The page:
EGL Tours axes 120 guides as pandemic lingers

Hong Kong-listed travel agency EGL Tours has laid off 120 tour guides as business activity remains dormant owing to border restrictions during the pandemic.

The layoff accounted for a quarter of its existing workforce, with a total of HK$20 million expected to be paid to retrenched staff.

Hong Kong imposed its first Covid-19 lockdown this past weekend in the Kowloon Area

This marked the second major retrenchment exercise conducted by a Hong Kong travel agency, after Wing On Travel Service sacked 120 staff last December.

EGL Tours executive director, Steve Huen, told TTG Asia that affected employees were tour guides in charge of conducting tours in Japan and longhaul markets.

“Since our business was dormant for almost one year, only 20 of them chose to continue to work, while the rest opted for no-pay leave over the past 10 to 11 months. (The layoff) is a timely move and we hope to help them by offering some cash payouts before Chinese New Year,” Huen said.

Each retrenched worker received an average of HK$160,000 (US$20,600) in severance pay, with long-time employees (i.e those who have spent 20 years with the company) receiving HK$300,000.

“We promise to give them the priority to rejoin the company when the situation improves and business rebounds,” Huen said, adding that no further retrenchment is on the cards.

An agent, who requested anonymity, said that with many agencies downsizing in manpower to keep businesses afloat during the pandemic, it would be tough for agencies to return to pre-pandemic scale when travel recovers, as many agents may have already switched careers by then.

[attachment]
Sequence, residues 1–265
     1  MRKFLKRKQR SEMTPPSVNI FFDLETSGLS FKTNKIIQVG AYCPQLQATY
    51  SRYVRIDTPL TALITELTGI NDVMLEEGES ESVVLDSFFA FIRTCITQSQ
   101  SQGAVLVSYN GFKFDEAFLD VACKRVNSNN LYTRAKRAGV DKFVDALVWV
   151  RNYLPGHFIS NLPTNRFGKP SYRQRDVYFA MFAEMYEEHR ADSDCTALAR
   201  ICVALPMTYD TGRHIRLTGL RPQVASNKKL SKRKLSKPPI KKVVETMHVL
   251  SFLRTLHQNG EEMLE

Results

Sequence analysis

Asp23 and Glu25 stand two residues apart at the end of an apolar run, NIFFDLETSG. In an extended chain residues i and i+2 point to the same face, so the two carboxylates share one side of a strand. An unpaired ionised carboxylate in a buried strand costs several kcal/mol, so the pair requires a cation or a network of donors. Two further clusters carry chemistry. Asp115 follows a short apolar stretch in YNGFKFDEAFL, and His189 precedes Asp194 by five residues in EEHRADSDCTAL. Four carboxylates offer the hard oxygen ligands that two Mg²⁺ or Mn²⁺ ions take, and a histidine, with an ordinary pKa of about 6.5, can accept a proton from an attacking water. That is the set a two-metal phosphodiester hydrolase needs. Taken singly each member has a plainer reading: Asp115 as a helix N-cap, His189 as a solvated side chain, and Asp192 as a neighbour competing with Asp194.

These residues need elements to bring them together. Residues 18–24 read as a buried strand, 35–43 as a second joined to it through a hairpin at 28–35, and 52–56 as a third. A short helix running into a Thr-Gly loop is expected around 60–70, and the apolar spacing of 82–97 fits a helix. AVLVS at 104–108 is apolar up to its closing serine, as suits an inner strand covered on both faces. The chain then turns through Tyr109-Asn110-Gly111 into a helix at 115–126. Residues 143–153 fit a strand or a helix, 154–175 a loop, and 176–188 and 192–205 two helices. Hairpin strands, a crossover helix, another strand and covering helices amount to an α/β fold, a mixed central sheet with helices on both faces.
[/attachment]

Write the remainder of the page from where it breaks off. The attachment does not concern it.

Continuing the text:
She added that as an independent travel agent, operating costs are “pretty low”, especially given that she is able to share her office space with two other agents after the Travel Industry Council relaxed the rule. She said they were holding out hope for business to improve at the end of 2021.

Bus operators are also suffering the brunt of prolonged border closures. One such company is Chinalink Express Holdings, a subsidiary of Kwoon Chung Bus Holdings, whose fleet of 550 coaches and small vehicles account for nearly 50 per cent of total market supply.

The company, which provides cross-border coach services between Hong Kong and Guandong province, has seen its staff count plunge from 2,000 before the pandemic to 900 since borders were closed.

Managing director Alan Chan lamented insufficient government assistance for coach bus operators. He said: “We have been losing HK$1.3 million on a daily basis, and most operators owe money to the banks, so it would be a big help if the government could set aside HK$200-300 million for us to cover costs for safety, repair and anti-pandemic measures on coaches.

“Currently, more than 1,000 coach buses have been sitting in a government site in Kwai Chung for months and we call it the graveyard for coaches.”

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